To compare do a Save As from the TIFF to PSD, place the 2 files at the same scale and export. Acrobat doesn’t care what the original file format is—the image pixels get exported at the file’s bit-depth and Effective resolution.
Could a ppi in the range of 1200 have caused the problem? Can the system be overloaded by an overabundance of p's?
The default PDF/X Compression setting is to downsample any image with an Effective Resolution (the scaled resolution not the actual resolution) over 450 ppi to 300ppi. You can change the Compression settings—you can choose Do Not Downsample. Typical images do not need more than 300ppi because they get converted to a halftone or stochastic screen at output—a common halftone screen is 150 lines per inch. There is a diminishing return on quality as the image resolution exceeds 300ppi.
I think it would be more common to print a fine art book at 200 lpi, but 300 ppi should still be adequate for good reproduction. I suspect that if one were to modify the default settingg the better place to change would be to change the type of compression from jpeg to zip rather than choosing not to downsample. My recollection is that Dov Isaacs was an advocate for that.
How is it to be printed?
You need to get the spec from your printer, if you haven't got the spec you would normally keep your images in RGB color mode, you can use native PSD images Placed in your InDesign document with an Effective PPI of around 300PPI. For the PDF for the printer select PDF/X-4, select single pages (not spreads), tick Crop Marks and Use Document Bleed Settings.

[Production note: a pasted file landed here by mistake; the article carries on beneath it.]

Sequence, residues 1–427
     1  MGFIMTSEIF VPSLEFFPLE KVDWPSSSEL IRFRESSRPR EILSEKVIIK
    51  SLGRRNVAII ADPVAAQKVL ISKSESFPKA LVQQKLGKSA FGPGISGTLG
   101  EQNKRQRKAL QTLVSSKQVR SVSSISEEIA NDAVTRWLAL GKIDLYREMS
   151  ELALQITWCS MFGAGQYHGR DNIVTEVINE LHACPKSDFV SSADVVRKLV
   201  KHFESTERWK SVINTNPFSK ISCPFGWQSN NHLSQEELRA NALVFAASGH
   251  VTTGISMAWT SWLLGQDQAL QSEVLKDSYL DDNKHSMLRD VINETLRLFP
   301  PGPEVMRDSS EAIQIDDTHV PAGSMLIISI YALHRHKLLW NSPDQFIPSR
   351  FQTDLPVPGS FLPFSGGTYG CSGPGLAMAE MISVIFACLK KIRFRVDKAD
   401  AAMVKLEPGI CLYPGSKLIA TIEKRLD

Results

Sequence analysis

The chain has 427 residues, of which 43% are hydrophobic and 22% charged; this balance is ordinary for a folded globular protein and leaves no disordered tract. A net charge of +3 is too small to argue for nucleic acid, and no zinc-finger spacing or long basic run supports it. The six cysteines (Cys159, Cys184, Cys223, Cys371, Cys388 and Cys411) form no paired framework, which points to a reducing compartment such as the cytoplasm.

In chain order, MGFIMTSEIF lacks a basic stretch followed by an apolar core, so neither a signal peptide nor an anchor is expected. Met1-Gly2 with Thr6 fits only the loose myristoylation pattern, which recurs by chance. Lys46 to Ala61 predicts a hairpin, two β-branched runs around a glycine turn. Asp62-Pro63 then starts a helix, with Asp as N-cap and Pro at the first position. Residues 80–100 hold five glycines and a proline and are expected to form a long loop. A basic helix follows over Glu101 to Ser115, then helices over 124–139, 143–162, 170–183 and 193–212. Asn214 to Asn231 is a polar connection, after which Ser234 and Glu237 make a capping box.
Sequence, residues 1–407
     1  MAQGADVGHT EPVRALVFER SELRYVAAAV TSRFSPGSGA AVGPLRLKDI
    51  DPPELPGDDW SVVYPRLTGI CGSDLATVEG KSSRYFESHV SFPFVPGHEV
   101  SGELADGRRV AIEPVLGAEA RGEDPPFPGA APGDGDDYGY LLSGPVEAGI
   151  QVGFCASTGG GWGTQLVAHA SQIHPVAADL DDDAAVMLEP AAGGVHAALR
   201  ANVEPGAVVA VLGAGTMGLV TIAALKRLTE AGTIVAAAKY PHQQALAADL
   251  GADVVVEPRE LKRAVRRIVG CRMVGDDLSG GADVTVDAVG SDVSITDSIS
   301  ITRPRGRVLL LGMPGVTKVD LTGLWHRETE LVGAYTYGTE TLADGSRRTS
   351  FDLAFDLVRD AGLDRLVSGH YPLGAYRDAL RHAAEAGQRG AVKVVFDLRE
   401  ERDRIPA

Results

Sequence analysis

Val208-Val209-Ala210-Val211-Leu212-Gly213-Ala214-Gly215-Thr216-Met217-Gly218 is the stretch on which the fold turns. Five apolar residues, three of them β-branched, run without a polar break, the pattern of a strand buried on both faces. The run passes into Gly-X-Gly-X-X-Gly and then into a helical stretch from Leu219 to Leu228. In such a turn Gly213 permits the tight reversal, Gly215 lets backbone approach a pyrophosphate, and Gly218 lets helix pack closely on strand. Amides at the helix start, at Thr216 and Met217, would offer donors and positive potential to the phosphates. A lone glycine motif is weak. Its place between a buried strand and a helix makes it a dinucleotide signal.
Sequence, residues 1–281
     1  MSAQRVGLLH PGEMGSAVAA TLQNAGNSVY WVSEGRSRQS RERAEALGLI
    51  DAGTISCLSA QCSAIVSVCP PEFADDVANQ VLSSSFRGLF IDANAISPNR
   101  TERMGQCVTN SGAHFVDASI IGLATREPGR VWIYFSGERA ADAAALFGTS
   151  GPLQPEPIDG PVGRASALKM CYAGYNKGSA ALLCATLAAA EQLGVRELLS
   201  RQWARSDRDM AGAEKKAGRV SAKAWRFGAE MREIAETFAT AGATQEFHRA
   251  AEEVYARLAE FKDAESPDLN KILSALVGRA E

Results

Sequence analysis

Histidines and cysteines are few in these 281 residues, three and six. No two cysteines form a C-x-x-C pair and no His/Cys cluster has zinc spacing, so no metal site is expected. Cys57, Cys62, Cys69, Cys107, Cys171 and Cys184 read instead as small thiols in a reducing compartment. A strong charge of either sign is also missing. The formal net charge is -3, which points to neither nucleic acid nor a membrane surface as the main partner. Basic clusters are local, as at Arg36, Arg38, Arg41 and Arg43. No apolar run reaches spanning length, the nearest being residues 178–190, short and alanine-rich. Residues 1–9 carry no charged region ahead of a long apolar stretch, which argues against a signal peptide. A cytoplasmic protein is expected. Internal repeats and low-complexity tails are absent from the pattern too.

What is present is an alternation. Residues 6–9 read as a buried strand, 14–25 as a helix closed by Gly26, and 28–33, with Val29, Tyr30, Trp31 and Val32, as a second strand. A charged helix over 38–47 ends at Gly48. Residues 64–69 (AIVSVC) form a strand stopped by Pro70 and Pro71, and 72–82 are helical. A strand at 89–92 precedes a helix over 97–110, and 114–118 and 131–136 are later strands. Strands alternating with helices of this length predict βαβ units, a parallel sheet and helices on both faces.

Thanks. I've had no contact with the printer - the book is going to be printed in Guatemala under the direction of the author/photographer (who is also in Guatemala), and I think she has not yet settled on a printing house there.
I did a test just now, replacing a few JPEGs for PSDs and using the PDF/X-4 export (which is what I use on all other books I do - this is my first fine-art photography venture), and the quality looks great. If I swap out all JPEGs for PSDs, can I leave it that way for the final PDF export? I've never placed native PSDs before, only JPEGs.
IMVHO, you are riding for a very unhappy fall.
Art books depend ENTIRELY on the printer. You can do the most exquisite technical job possible and a printer working to different standards (or indifferent standards) will turn out a comic book.
I would refuse (politely) to complete the assignment until she has selected a printer and you are in contact with a technical representative. (And, as much as you can, determine their ability to print a work like this.) Any other path is likely to result in an unhappy customer and all the fallout that brings.
Thank you - definitely don't want an unhappy fall and what you describe is certainly possible. This probably doesn't qualify as an "art book" - it's a biography that includes many high quality historic photos (and it's laid out in somewhat large format, though not coffee-table size), and those are the ones she's most concerned about. She's also a photographer herself and wanting the best possible. I'll press her for printer info.
If the client expects her book to stand next to Ansel Adams and Annie Leibovitz collections, there are many, many things to consider, the PDF export settings being among the midlist.
It will all come down to your printer and his/her very specific recommendations for prepress. If you are using a printer who is not sophisticated enough to be able to give you such meticulous instructions, fiddling with color profiles isn't going to make much difference.
I think some people are overthinking this straight forward job!
IMO the difference in quality between an uncompressed JPG and a TIFF is imperceptible, but the difference in file size can be significant.
(There's normally not a reason to keep resaving JPGs so degreation is unlikely.)
Hi Derek, I think there are other problems with placing JPEG—it’s a flattened format so any edits done via Photoshop layering would be lost on a save to JPEG. Multiple color corrections done directly to the pixels, and not via Adjustment layers could do real damage to an image. PSD also has the Object Layer Options feature, which is not available with TIFF.
Well you always save your layered PSD in case you need to do further editing, but as I said as the first replyer in this thread, Place native PSD files in your InDesign document.